A recyclable and photocontrollable resistive memory device based on polycoumarinsiloxanes†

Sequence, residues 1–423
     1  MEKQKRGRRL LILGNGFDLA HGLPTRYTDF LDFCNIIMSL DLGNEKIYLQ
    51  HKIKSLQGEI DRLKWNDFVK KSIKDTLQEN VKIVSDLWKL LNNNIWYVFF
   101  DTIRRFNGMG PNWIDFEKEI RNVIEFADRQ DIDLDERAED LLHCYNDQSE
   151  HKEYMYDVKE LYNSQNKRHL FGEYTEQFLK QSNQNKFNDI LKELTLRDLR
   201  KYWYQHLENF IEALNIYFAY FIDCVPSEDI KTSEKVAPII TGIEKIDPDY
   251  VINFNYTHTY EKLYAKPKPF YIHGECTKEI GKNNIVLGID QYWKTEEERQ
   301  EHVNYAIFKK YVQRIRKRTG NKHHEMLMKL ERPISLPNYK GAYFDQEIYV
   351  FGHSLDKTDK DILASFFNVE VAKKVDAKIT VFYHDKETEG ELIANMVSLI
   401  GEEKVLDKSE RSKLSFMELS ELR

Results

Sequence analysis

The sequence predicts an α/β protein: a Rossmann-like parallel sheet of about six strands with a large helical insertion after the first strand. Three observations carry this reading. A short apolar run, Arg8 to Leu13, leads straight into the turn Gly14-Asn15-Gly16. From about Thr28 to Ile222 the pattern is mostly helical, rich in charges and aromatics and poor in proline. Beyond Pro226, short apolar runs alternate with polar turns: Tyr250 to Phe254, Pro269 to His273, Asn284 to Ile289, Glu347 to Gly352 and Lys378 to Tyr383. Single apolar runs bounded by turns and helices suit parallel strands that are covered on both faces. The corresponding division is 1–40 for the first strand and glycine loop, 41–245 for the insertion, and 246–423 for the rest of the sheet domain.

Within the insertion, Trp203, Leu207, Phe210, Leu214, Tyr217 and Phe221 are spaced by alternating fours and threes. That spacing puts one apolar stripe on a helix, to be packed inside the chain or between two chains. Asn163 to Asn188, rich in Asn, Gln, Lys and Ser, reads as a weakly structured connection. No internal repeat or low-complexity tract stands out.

Organic polymer semiconductor based resistive-type memory devices exhibiting a series of excellent performance have attracted increasing attention. However, most of the polymer-based memory devices would not be reused and thus plenty of electronic waste has been produced inevitably. To develop recyclable memory materials, a photocontrollable coumarin based polysiloxane material, polycoumarinsiloxane, was synthesised by the Heck cross-coupling reaction. Polycoumarinsiloxanes can form a crosslinking net (PDCoumSi) under the irradiation of UV at λ ∼ 365 nm, which can transform into a linear polymer (PCoumSi) again under the irradiation of UV at λ ∼ 265 nm. According to J–V chracteristics, PCoumSi does not display bistable electrical behaviour, because of which it cannot store data and be used as a memory device, but PDCoumSi shows a distinct write-once-read-many times memory (WORM) behaviour with a high switching current ratio of 1.0–5.0 × 103 and a low threshold voltage of 0.8–1.2 V. Moreover, the memory has no significant degradation for at least 4000 s when a constant voltage is applied at ON and OFF states. Furthermore, by irradiating the ON state of PDCoumSi memory under UV at λ ∼ 265 nm to photocleave into PCoumSi and then photocrosslink under UV at λ ∼ 365 nm to obtain PDCoumSi again, we can renew the PDCoumSi WORM memory. Moreover, after 10 cycles, the ON/OFF current ratio and turn on voltage have no significant change, indicating the good photo-recyclability. This work paves a new way for designing photo-recyclable polymer materials for resistive-type memory devices.